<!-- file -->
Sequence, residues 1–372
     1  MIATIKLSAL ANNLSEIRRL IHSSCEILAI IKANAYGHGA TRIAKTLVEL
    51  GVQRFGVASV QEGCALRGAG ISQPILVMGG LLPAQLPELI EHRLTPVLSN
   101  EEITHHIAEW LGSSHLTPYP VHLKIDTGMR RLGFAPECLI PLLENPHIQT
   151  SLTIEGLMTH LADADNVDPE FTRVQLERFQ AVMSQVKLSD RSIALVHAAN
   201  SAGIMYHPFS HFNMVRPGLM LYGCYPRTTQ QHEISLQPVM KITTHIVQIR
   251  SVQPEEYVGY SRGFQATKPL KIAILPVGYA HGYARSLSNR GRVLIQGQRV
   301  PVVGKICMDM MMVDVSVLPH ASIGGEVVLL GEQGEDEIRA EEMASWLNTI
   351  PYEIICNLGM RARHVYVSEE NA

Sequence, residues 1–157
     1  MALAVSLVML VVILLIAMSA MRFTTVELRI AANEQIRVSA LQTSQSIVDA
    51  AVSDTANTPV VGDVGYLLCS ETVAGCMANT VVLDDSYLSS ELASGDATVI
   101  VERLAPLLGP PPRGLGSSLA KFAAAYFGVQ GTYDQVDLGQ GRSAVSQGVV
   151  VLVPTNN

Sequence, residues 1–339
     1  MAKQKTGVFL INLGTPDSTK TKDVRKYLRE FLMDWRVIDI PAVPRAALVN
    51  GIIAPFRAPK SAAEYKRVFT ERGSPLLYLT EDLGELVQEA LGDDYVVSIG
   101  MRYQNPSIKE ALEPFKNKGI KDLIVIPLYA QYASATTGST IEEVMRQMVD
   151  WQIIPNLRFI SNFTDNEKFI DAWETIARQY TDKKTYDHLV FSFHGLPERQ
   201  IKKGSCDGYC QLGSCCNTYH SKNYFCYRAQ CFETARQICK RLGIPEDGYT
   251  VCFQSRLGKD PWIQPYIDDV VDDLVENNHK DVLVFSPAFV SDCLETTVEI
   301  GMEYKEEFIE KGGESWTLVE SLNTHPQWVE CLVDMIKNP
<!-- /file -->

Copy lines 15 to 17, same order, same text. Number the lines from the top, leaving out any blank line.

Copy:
Sequence, residues 1–339
     1  MAKQKTGVFL INLGTPDSTK TKDVRKYLRE FLMDWRVIDI PAVPRAALVN
    51  GIIAPFRAPK SAAEYKRVFT ERGSPLLYLT EDLGELVQEA LGDDYVVSIG